I thought it might be a good idea for me to explain what finally caused 9 nights of stitching, unstitching, & restitching to go from a little bit beyond this,
If you have read my posts chronicling my stitching of this design,
then you know I was standing at a crossroads when I discovered that I had missed stitching an entire row of stitches making up the snowman's body. Because this error caused the reindeer's antlers to be out of place, I decided to unstitch the snowman & restitch him. This occurred the evening of January 30. Here's what happened last night ... the evening of January 31.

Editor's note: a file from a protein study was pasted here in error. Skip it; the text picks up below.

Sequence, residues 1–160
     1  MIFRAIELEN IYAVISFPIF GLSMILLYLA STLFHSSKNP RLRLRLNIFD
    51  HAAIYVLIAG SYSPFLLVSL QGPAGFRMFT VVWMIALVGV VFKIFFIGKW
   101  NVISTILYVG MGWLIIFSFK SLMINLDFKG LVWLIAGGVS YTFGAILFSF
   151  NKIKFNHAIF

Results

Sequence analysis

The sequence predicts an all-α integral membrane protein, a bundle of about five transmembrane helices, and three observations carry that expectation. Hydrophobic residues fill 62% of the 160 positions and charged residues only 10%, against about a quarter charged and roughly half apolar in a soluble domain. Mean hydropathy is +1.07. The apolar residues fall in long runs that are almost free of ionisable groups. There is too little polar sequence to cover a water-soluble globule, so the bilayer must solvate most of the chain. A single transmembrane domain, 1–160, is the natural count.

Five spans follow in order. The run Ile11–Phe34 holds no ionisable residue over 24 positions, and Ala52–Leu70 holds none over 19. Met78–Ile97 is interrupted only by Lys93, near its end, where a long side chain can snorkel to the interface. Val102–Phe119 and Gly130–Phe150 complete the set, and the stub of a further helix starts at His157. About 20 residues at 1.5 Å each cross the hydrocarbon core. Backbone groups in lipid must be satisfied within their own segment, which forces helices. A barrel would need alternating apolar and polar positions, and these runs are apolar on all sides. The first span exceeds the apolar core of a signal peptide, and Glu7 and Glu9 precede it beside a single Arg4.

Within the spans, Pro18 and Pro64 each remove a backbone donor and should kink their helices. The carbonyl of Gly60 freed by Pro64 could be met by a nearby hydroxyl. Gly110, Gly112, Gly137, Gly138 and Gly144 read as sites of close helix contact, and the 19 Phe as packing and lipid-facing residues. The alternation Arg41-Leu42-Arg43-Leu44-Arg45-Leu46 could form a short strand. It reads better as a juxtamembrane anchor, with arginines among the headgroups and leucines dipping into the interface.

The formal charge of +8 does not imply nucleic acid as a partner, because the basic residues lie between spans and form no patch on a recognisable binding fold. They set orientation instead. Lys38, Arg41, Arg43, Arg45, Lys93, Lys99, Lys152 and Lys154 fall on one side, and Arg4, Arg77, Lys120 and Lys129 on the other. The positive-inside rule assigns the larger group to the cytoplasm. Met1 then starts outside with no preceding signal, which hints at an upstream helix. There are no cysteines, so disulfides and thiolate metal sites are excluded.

1. Feeling proud of myself for not giving up on this design, I next stitched the reindeer's antlers after which I noticed that I did not quite get the stitches to meet in one area. How that happened is beyond me, but it happened, & I dutifully picked out all the antler stitches & stitched the antlers once again, this time with success.
2. The reindeer needed a colonial knot eye. I made the eye but I really wasn't thrilled with it. However, I decided to leave it as it was as I moved forward with the design. My thoughts were that I would continue with all the other stitching & if the eye still did not look good to me when that was finished, I would simply redo it.
3. I next stitched the railings alongside the house. This was accomplished relatively easily with just one restitch when I discovered upon making the first vertical rail on the left side that I had positioned one of the horizontal rails incorrectly. An easy fix, & I thought the finished stitching of both rails looked quite nice.